Lapointe: In Michigan, some counties splash back against the blue wave

Red-flag gun laws? Optional, depending on the sheriff

click to enlarge Michigan Barry County Sheriff Dar Leaf looks to the crowd during a news conference in Las Vegas, Nevada, July 12, 2022. - REUTERS/Bridget Bennett
REUTERS/Bridget Bennett
Michigan Barry County Sheriff Dar Leaf looks to the crowd during a news conference in Las Vegas, Nevada, July 12, 2022.

In recent elections, Michigan’s balance of power has shifted from reactionary, conservative, and right wing to progressive, liberal, and left wing.

Gun-safety legislation in Lansing shows how the clout in the Great Lakes State has moved in a positive direction from Republican red to Democratic blue.

But sometimes, a few steps forward are followed by a couple steps backward. That unfortunate dance of democracy is on display in several Michigan counties, where backlash from elected officials exudes a whiff of defiance and anarchy.

The most recent episode came last week northwest of metro Detroit when the Livingston County Sheriff and Board of Commissioners vowed to ignore “red-flag laws” that would enable police to confiscate guns from persons found by a court to be of high risk.

That means a nut boy with a gun toy can cling to his hand-held murder machine even if people around him tell a judge that he (or she, or they) is dangerous. Think of Ethan Crumbley, who murdered four fellow students 17 months ago at Oxford High School in Oakland County.

Despite that recent, nearby example, sheriff Michael Murphy of neighboring Livingston County said gun confiscation in his domain would be unconstitutional due to the Second Amendment’s “right” to bear arms.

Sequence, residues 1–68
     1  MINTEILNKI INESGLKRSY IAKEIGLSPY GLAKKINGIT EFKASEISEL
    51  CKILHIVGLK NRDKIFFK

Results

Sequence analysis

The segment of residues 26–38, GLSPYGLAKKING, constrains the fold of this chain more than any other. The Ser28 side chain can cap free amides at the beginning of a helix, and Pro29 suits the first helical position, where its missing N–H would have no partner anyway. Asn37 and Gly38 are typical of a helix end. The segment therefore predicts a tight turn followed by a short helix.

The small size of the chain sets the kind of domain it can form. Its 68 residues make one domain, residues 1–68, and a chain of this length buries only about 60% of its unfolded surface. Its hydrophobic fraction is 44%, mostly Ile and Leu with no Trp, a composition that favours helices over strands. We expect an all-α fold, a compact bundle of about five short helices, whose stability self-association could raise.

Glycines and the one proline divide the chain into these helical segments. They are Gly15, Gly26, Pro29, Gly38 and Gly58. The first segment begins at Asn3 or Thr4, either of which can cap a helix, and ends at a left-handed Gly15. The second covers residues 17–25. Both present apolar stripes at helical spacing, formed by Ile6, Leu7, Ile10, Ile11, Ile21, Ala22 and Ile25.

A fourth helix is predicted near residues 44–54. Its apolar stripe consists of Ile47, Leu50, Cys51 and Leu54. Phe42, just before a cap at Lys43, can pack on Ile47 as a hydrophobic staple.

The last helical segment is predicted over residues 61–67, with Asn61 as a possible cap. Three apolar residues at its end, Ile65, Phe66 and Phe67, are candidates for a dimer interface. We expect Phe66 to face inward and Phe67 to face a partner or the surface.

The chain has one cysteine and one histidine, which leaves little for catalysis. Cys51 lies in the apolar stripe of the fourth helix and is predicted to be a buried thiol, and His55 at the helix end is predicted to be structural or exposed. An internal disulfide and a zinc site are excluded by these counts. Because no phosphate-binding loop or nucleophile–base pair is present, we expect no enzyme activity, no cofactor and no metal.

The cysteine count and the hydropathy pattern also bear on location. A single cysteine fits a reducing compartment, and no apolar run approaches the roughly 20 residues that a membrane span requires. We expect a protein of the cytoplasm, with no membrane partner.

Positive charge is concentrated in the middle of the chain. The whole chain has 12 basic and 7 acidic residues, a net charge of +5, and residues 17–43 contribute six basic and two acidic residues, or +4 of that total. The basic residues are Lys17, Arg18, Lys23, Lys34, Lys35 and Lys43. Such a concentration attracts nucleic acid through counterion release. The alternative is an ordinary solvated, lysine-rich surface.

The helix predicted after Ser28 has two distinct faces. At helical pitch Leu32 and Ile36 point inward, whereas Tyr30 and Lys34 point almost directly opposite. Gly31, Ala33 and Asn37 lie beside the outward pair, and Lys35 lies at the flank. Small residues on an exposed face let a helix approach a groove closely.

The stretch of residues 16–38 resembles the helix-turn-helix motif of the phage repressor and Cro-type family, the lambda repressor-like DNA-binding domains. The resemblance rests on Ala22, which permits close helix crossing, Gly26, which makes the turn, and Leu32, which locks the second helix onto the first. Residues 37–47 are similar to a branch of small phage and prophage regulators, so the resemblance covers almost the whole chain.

“I’m a constitutional sheriff,” Murphy told The Livingston Daily. “And I’m not going to do anything that is going to jeopardize that and, if, God forbid, the red flag laws do pass, we won’t be enforcing those or investigating those, either.”

In response, Attorney General Dana Nessel’s office said, in part: “Sheriffs may choose not to enforce these laws, but the very real consequence of that is that people may die unnecessarily from preventable gun deaths.”

Guns are just one issue for the mood of defiance from some people in local power.

On the other side of the state, The Washington Post earlier this month reported how Ottawa County in southwest Michigan elected a slate of radical Republicans to the Board of Commissioners last November.

They are determined to “thwart tyranny” and to oppose “the divisive Marxist ideology of the race equity movement.” So they have purged long-term employees and replaced them with people who are closer in belief to their fundamentalist, Christian nationalism.

“To run the health department,” the Post reported, “they voted to install a service manager from a local HVAC company who had gained prominence as a critic of mask mandates” and was a proponent of discredited cures for COVID-19.

The board is chaired by Joe Moss, a 37-year-old evangelical and political novice who led a slate called “Ottawa Impact.” His movement was inspired by opposition to health mandates issued by Governor Gretchen Whitmer during the pandemic.

Moss often carries a pistol on his hip, the Post reported. His board recently changed the county motto from “Where You Belong” to “Where Freedom Rings.”

The larger backdrop to all this is “constitutional sheriffs” movement, epitomized by Barry County Sheriff Dar Leaf.